Pork: US pork exports up

US pork exports up


USA, Washington. February exports of US pork were higher than a year ago in both volume and value, according to statistics released by USDA and compiled by the US Meat Export Federation (USMEF).

Pork exports totaled 205,466 t in February, up 4% from last year’s large total, while export value increased 12% to $547.2 mill. Through February, pork exports were 2% ahead of last year’s pace at 408,934 t, while export value climbed 10% to $1.09 bn.

February exports accounted for 27.8% of total pork production and 24% for muscle cuts only – up from 27.6% and 22.9%, respectively, a year ago. Through February, the percentage of total pork production exported was slightly lower year-over-year at 26.1%, while the percentage of muscle cuts exported edged higher to 22.7%. February export value averaged $56.78 per head slaughtered, up 9% from a year ago. Through February, per-head export value was $53.70, up 5%.

February pork exports to leading volume market Mexico were steady with last year at 64,523 t, while export value was slightly higher at $117.5 mill. Through February, export volume was steady with last year’s record pace at 137,520 t, while export value increased 3% to $251 mill.

In Japan, the leading value destination for US pork, February volume was steady year-over-year at 32,418 t, while value was up 3% to $134.7 mill. Through February, export volume to Japan increased 6% from a year ago to 67,466 t and value climbed 10% to $281.1 mill. This included a 7% increase in chilled pork exports to 36,929 t, valued at $176.9 mill. (up 11%).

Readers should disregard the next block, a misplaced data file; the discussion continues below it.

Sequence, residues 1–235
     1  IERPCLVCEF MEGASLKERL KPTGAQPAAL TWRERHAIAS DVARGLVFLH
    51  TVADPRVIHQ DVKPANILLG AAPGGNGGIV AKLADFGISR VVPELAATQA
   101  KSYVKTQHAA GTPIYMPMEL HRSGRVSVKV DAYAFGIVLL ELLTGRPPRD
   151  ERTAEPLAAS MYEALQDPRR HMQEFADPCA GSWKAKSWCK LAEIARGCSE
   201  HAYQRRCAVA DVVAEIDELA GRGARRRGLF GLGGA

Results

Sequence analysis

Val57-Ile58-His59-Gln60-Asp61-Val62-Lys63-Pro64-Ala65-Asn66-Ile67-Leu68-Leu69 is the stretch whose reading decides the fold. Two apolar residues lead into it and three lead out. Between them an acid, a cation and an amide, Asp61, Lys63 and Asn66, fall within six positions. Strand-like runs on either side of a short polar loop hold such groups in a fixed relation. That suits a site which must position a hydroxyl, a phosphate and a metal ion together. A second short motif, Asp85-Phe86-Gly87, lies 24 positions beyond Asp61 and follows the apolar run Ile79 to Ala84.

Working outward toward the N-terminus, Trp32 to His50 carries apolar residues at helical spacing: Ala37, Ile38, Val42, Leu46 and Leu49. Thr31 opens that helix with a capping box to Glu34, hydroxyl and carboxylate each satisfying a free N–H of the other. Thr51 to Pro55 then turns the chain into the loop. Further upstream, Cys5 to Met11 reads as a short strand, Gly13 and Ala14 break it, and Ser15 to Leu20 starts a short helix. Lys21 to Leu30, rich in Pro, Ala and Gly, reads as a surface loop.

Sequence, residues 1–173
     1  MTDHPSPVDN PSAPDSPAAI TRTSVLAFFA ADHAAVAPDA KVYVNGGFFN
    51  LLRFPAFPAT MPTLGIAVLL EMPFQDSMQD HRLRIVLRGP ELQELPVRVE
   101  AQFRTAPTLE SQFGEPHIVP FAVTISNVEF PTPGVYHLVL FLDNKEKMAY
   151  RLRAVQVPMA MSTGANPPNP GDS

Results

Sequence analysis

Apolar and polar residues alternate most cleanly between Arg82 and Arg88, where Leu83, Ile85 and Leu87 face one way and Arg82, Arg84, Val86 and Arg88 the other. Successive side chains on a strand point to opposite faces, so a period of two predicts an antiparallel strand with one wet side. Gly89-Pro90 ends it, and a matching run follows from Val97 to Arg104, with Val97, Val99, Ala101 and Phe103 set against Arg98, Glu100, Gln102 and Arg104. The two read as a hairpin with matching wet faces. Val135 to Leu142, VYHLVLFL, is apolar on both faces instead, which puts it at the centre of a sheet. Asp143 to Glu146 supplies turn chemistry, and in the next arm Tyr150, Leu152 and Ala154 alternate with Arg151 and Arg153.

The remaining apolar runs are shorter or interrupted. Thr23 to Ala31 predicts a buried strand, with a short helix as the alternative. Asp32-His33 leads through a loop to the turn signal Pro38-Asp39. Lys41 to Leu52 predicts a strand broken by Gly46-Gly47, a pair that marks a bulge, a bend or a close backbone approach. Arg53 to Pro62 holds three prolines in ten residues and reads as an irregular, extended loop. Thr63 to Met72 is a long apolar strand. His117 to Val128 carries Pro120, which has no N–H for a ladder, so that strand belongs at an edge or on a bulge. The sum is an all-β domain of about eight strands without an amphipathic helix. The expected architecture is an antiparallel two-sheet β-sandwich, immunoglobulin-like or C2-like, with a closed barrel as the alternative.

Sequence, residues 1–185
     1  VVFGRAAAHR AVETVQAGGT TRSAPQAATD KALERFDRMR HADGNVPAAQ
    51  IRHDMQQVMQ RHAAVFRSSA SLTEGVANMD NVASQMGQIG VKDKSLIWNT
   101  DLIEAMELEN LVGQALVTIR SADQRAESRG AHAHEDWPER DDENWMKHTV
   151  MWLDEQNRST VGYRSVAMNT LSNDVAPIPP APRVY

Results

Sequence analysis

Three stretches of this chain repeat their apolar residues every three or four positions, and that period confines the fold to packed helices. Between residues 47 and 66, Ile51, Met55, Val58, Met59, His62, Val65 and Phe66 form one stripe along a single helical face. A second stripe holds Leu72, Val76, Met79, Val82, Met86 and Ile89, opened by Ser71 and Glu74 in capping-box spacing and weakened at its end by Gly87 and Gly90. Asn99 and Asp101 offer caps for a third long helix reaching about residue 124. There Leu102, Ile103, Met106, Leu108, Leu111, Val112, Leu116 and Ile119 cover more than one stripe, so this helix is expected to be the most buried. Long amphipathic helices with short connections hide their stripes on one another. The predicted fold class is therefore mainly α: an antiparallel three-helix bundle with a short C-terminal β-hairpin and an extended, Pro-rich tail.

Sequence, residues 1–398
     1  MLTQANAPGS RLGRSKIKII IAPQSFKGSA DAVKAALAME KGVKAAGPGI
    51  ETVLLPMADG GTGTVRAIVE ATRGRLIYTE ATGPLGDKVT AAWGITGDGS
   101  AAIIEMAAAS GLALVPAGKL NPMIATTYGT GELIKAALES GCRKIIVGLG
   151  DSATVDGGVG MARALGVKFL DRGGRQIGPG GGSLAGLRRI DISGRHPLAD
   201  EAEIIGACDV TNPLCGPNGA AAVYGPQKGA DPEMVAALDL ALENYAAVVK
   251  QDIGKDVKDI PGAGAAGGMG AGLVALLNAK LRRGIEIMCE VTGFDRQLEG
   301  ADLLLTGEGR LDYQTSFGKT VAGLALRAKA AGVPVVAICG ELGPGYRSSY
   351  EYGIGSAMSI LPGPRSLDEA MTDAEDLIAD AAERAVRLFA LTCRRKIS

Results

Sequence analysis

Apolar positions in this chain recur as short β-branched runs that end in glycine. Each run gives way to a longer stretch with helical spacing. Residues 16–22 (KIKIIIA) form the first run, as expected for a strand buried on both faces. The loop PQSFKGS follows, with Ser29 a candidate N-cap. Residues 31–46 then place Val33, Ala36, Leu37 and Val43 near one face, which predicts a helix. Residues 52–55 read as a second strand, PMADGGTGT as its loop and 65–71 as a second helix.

Pork exports to South Korea climbed 33% in volume (40,710 t) and 43% in value ($119 mill.). Most US pork products now enter the Korean market duty free under the Korea-US Free Trade Agreement (KORUS), and high-quality, affordable US pork is helping to underpin Korea’s record-breaking pork consumption. USMEF continues to help position US pork in new and exciting ways in Korea, including the addition of pulled pork to many restaurant menus, a selection of high-end sausages at convenience stores and a wide array of home meal replacement and snack items sold at retail and through e-commerce.

Through the first two months of 2018, other highlights for US pork include:

• Led by strong growth in Colombia and Peru, pork exports to South America were 9% ahead of last year’s pace in volume (17,855 t) and 14% higher in value ($43.1 mill.), with consumption growth in the region continuing to outpace domestic production.
• Solid growth in Honduras, a doubling of exports to El Salvador and a steady performance in Guatemala pushed pork export volume to Central America 16% above last year’s pace at 12,255 t, while value climbed 20% to $28.9 mill. Exports also increased year-over-year to Nicaragua, Panama and Belize.
• Exports to the Philippines, the mainstay destination for US pork in the ASEAN and the region’s largest import market, increased 3% in volume (4,746 t) and remained steady with last year’s pace in value ($10.8 mill.). Exceptional growth in Vietnam (901 t valued at $3.7 mill., up 272% and 469%, respectively) pushed exports to the ASEAN region 18% higher in volume (6,178 t) and 29% higher in value ($16.9 mill.). Exports also increased year-over-year to Singapore, Indonesia and Malaysia.
• In China/Hong Kong, pork export volume fell 14% year-over-year to 69,515 t, but value increased 3% to $164 mill. Muscle cut exports increased 7% to 28,775 t, while variety meat exports declined 24% in volume (40,740 t) but with sharply higher prices value only dipped 2% to $107.4 mill. The Chinese government recently imposed a 25% tariff on imports of US pork and pork variety meat, in addition to the 12% tariff already in effect in China. The higher tariff rate is not reflected in the January-February results, as it took effect 2 April. But the additional tariff will put US pork at a significant disadvantage compared to China’s other major suppliers: the European Union, Canada, Brazil and Chile. China’s total import demand has also slowed with its rebound in domestic production and a significant decrease in domestic hog prices.


Source: USMEF


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